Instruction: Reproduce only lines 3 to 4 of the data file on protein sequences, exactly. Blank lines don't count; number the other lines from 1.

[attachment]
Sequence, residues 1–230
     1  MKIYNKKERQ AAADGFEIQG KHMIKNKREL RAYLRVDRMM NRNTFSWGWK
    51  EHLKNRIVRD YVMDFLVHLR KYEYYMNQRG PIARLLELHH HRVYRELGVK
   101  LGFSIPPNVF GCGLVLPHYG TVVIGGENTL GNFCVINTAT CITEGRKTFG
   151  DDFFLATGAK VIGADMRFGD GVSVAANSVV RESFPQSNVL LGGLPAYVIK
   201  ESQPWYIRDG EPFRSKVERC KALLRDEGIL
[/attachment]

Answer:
    51  EHLKNRIVRD YVMDFLVHLR KYEYYMNQRG PIARLLELHH HRVYRELGVK
   101  LGFSIPPNVF GCGLVLPHYG TVVIGGENTL GNFCVINTAT CITEGRKTFG